One of the best reasons to curb your salt intake is to control high blood pressure. The CDC’s Dietary Guidelines for Americans recommend a maximum sodium intake of 2,300 milligrams per day about (1 tsp). If you are over 51 the recommendation is 1,500 milligrams less than a (1/2 tsp) per day. This lower amount also applies to you if you already have high blood pressure, diabetes, or kidney disease. Read the labels, foods that contain 140 mg or less per serving are defined as low sodium. Reality is only about 10% of our daily salt is added during cooking or from the salt shaker on the dinner table. Most of our salt is in the processed foods we eat everyday. For many of us, daily consumption of salt is two to three times higher than the recommended amounts.
Studies have shown those that cook regularly and use herbs daily will reduce their salt intake long term. I'm like most cooks I have a cupboard of herbs and spices but I don't really know what and how much to add to my recipes.
According to the American Spice Trade Association
These spices are the most effective in replacing salt in your recipe:
Black pepper, garlic powder, curry powder, cumin, dill seeds, basil, ginger, coriander and onion.
How Much To Add At First
1/4 tsp. of most ground herbs and spices for 1 pound of meat (4 servings)
1/8 tsp for 2 cups of soup or sauce
When it comes to cayenne pepper or garlic, add in small increments because it intensifies in flavor. Remember it's easier to add more than to remove.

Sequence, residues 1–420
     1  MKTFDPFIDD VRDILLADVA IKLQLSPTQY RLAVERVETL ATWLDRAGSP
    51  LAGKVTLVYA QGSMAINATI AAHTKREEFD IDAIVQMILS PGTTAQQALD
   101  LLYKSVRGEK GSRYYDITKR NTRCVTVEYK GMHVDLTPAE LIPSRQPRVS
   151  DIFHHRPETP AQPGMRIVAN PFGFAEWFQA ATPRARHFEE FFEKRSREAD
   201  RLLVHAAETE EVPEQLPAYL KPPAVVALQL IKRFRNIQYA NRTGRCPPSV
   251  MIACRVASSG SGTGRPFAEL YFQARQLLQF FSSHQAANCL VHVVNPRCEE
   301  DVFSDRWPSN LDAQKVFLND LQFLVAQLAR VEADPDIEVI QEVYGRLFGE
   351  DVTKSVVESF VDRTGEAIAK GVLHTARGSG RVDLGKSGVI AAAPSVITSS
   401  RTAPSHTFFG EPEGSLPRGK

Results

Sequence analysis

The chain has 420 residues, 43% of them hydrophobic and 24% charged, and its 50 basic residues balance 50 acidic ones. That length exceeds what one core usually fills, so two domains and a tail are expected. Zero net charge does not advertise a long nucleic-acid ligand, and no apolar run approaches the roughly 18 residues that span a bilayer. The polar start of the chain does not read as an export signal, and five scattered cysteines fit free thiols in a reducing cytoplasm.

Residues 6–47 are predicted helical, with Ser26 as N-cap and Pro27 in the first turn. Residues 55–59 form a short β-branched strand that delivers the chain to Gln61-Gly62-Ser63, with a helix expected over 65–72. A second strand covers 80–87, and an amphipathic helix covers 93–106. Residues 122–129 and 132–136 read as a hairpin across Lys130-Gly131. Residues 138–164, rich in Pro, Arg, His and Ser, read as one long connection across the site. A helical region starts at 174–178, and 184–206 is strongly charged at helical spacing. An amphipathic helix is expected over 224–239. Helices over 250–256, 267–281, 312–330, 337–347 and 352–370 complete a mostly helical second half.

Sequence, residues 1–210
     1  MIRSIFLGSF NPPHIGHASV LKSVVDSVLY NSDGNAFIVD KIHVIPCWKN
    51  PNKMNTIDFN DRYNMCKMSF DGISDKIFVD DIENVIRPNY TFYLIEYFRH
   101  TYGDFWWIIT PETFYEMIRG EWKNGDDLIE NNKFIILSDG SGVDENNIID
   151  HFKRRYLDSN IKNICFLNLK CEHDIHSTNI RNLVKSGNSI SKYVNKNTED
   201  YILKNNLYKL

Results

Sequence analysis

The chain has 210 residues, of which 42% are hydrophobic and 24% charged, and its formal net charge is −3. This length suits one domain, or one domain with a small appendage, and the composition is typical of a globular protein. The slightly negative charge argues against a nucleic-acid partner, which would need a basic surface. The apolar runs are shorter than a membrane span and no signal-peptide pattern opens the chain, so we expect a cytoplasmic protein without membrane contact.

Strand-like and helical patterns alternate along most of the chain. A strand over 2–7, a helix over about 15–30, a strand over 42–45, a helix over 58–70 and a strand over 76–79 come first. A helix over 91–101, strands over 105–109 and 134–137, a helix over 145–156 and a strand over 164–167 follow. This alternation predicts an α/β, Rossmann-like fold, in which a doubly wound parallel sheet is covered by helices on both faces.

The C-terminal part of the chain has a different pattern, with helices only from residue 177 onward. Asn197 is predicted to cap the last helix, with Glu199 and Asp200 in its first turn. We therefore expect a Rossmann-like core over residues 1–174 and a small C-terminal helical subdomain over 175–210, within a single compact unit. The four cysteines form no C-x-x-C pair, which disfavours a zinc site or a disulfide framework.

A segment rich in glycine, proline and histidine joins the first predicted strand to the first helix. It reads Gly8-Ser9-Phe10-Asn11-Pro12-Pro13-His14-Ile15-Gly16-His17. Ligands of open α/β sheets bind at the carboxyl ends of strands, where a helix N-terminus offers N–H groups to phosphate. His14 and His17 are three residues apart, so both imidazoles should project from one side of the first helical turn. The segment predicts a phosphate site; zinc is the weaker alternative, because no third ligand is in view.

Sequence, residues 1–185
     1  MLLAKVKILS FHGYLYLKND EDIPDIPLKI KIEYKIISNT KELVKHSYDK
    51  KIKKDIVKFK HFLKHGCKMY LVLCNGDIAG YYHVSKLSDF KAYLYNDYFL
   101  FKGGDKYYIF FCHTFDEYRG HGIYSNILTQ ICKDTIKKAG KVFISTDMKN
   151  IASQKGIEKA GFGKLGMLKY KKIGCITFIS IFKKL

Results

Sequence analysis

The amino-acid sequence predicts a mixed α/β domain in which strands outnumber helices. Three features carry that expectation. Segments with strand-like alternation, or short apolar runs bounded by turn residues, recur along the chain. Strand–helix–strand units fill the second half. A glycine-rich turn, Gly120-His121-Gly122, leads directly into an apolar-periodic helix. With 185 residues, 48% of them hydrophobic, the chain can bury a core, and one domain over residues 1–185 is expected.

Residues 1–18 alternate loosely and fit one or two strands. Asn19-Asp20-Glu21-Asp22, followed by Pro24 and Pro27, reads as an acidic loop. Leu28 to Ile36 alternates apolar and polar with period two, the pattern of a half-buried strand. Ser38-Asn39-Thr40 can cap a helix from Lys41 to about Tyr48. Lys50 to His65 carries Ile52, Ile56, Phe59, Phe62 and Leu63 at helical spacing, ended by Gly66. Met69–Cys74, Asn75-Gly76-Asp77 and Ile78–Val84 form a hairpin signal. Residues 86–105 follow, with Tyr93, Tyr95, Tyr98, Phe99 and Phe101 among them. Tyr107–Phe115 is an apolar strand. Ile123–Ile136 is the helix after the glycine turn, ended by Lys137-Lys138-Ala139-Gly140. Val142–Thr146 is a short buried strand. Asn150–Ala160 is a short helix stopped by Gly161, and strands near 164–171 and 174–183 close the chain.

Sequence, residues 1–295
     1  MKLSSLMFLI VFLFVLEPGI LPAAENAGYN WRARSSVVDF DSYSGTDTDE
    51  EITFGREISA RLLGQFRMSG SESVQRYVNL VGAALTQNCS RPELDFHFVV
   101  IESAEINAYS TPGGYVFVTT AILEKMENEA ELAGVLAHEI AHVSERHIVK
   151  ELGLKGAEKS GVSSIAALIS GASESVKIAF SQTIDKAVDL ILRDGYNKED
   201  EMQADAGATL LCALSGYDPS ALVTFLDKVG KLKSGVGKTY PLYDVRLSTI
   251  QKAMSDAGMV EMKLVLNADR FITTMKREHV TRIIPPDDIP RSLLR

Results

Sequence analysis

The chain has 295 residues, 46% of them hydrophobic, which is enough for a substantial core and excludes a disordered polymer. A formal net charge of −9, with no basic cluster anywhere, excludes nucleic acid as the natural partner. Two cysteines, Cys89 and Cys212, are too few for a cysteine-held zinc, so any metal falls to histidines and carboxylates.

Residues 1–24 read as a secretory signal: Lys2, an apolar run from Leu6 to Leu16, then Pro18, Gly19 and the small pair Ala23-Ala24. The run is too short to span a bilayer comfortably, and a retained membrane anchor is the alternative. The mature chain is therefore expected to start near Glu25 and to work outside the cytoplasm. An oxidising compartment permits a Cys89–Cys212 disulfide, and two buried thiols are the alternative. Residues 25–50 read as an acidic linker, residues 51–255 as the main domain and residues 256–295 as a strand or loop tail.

As a general rule, when using dried herbs use half the amount compared to fresh herbs.
When To Add Fresh Herbs
Add fresh herbs at the end of the cooking time or just before serving as the flavor can be lost during long periods of cooking. Add delicate herbs like basil, chives, cilantro, parsley, marjoram, mint and dill leaves at the end of cooking or just before serving. Herbs like oregano, rosemary, tarragon, thyme and dill seeds may be added
around the last 20 minutes of cooking.
When To Add Dried Herbs and Spices
Dried herbs and spices that have been ground will loose their flavor quickly and it's best to use in short cooking recipes or near the end of longer cooking recipes. Mild herbs such as basil and parsley are best added near the end of the cooking. The more robust herbs such as thyme will hold up to longer cooking periods.
Open your cupboard and use some of those herbs and spices they're only getting older. I have found I need to add more herbs and spices to my dishes to get the WOW factor from the recipe.
The Fine Art of Salt Substitution: Herbs and Spices Are the Key to Cutting Sodium Intake at Home
Cooking With Herbs: http://www.med.umich.edu/pfans/docs/tip-2013/cookingwithherbsandspices-0513.pdf